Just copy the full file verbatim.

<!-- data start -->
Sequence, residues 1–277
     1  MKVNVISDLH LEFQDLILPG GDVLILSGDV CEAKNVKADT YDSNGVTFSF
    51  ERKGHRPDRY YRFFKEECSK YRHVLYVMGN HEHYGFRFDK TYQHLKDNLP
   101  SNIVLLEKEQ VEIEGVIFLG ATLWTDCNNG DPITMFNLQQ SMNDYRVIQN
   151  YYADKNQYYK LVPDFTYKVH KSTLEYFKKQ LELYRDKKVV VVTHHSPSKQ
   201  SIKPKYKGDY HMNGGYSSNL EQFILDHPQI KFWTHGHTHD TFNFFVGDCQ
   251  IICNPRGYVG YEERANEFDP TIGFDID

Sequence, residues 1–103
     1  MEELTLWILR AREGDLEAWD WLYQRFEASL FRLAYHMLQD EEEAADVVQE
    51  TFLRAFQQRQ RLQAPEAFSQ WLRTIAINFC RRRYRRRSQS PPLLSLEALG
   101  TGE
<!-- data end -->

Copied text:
Sequence, residues 1–277
     1  MKVNVISDLH LEFQDLILPG GDVLILSGDV CEAKNVKADT YDSNGVTFSF
    51  ERKGHRPDRY YRFFKEECSK YRHVLYVMGN HEHYGFRFDK TYQHLKDNLP
   101  SNIVLLEKEQ VEIEGVIFLG ATLWTDCNNG DPITMFNLQQ SMNDYRVIQN
   151  YYADKNQYYK LVPDFTYKVH KSTLEYFKKQ LELYRDKKVV VVTHHSPSKQ
   201  SIKPKYKGDY HMNGGYSSNL EQFILDHPQI KFWTHGHTHD TFNFFVGDCQ
   251  IICNPRGYVG YEERANEFDP TIGFDID

Sequence, residues 1–103
     1  MEELTLWILR AREGDLEAWD WLYQRFEASL FRLAYHMLQD EEEAADVVQE
    51  TFLRAFQQRQ RLQAPEAFSQ WLRTIAINFC RRRYRRRSQS PPLLSLEALG
   101  TGE